The Silver Lining of a GA airport’s closure may be a preventative study of other endangered facilities

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Silver Bay Airport closes

Silver Bay considers options for airport

Airport’s traffic levels drop below AIP eligibility

Runway falls below safety minimum-CLOSURE

497 airports on endangered list- INDUSTRY PREVENTATIVE ACTION?

Congress passed the National Plan of Integrated Airport Systems (NPIAS) to compel the FAA to inventory the airports in the United States, but even that effort to be proactive still lets these aviation assets to die.

A shown in the cover graphic, the FAA issued a NOTAM acknowledging the closure of the Silver Bay Municipal Airport (BFW) due to a runway (3,200’ long X 975’ wide, asphalt, 07/25)  so deteriorated that it was below safety standards. It was home to only 7 aircraft; so, its system impact was not great. As with many regions, the availability of hangars is not great. The two closest airports are Grand Marais and Two Harbors (~56 and ~ 28 miles) [see map].

[the white boxes mark the locations of the closest airfields]

BFW was built in 1965, but in recent years its activity levels have dropped below AIP funding eligibility levels. As recently as last fall, the Minnesota Department of Transportation had warned the City of its safety concerns over the asphalt was subject to increasing cracking and thus raising the likelihood of an accident. The municipal ownership has been considering closure for a number of years; so, it was not inclined to spend the $1million that reconstruction would cost and even a study to convert to grass or gravel would be expensive. Even if there was some way to get state or federal help, the City is reluctant to be responsible for 20 years of keeping BFW open, A self-inflicted death, due to safety deficiencies, made the best sense to the City Council and Mayor.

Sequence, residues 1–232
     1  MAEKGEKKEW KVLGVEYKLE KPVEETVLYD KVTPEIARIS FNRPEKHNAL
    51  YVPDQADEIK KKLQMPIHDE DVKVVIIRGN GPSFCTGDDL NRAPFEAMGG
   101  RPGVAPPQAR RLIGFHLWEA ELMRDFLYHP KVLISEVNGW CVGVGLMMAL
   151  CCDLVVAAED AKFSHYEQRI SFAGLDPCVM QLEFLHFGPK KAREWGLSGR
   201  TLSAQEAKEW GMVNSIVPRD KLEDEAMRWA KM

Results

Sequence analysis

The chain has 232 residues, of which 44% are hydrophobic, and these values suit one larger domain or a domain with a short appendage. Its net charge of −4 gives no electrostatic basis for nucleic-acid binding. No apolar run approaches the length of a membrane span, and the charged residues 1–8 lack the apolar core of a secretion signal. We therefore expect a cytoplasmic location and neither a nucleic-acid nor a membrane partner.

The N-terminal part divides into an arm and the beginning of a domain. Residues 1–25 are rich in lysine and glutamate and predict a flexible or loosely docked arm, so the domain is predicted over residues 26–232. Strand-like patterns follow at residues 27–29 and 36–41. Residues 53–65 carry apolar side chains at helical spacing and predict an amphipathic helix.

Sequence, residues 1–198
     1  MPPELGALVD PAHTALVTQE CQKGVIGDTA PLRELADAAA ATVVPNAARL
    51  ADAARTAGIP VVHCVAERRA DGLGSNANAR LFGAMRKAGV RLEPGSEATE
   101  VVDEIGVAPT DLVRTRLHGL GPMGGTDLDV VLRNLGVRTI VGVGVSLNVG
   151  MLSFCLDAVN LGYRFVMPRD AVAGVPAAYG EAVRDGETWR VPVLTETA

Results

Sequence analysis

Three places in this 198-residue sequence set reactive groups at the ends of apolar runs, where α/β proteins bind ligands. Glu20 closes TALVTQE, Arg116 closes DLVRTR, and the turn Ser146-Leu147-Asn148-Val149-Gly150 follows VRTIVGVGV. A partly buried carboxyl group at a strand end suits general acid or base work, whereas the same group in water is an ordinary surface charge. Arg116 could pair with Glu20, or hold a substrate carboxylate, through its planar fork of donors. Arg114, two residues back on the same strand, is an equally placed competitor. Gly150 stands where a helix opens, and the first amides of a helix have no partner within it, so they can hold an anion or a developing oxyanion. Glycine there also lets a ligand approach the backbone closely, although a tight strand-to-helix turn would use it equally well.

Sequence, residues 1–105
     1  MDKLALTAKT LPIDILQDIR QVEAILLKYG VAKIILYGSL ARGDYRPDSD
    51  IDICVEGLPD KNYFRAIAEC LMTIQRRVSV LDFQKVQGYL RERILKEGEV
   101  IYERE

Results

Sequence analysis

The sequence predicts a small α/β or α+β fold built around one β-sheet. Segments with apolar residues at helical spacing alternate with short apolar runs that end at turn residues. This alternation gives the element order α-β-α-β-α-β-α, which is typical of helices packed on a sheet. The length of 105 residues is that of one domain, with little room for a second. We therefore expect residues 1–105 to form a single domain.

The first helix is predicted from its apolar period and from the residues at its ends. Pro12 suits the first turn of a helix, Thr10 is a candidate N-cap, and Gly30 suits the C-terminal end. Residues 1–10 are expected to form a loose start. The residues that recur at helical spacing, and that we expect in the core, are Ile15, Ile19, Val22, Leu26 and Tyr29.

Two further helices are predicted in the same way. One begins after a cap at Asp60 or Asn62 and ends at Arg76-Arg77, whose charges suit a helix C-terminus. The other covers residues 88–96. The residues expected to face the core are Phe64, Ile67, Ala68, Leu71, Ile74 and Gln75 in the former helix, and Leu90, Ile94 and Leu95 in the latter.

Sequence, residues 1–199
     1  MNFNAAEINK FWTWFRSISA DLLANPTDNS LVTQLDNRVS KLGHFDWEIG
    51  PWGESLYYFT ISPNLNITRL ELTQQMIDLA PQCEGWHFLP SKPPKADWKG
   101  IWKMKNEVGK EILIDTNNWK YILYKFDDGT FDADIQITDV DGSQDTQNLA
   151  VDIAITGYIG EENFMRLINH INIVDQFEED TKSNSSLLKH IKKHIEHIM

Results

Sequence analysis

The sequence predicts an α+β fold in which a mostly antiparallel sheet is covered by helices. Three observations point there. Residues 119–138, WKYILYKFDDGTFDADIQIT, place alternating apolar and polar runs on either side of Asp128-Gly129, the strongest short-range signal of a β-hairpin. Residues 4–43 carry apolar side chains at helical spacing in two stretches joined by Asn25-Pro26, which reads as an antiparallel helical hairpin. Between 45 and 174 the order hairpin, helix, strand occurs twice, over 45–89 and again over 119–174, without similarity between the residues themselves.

The NPIAS establishes FIVE categories of GA airports—national, regional, local, basic and unclassified airports (497 on the 2014 study). Silver Bay Municipal sell into that lowest classification. As a matter of public policy, it is hard to make a case that BFW should be saved; the investment required should not burden the city’s taxpayers and it is unlikely that some private party would invest in or get municipal approval for renovating this sleepy airfield. That said, somewhere among the 497 Unclassified Airports it is possible that there is an airport with local value, but subject to neglect.

ASSET (p.22) noted:

GENERAL AVIATION AIRPORTS NOT CLASSIFIED There are 497 airports (including 475 airports, 7 heliports, and 15 seaplane bases) that did not fit into one of the four new categories. Most of these airports have been in the NPIAS for decades and may have seen an erosion of based aircraft and activity (because of population and economic shifts or recession) or may have no based aircraft.

It would appear appropriate that faa, NASAO, AOPA, AAAE, NATA and others FORM A COALITION to study these other airports. Unlike the malevolence of the sponsors at Santa Monica Airport and Meigs Field, there may be sponsors that would be willing to reinvigorate their GA airport.  The size of these investments by cities does not usually warrant top level aviation managers. Without malice, the municipal sponsors’ ignorance on the below subjects may contribute to the “suicide” of runways:

  • Basic safety knowledge,
  • Selection of management, FBOs, vendors, etc.,
  • Attracting and retaining of tenants for long term use of and revenue for the airport,
  • The definition of a preventative maintenance and how an effective schedule can reduce expenses,

The collective wisdom of this group might move some of these assets from the endangered list to the FAA’s BASIC and beyond. Identification of the airports to be “remediated” might be a great subject for some graduate student’s thesis for an airport management degree.

The collective loss of one or two unclassified airports may not have systemwide consequences. These impending disasters seem to occur on a random and sudden basis. The Team for Endangered of Airport Remediation might serve as a systematic method to avoid an unexpected implosion of these scarce aviation resources.

Shed a TEAR for GA Airports?



 

 

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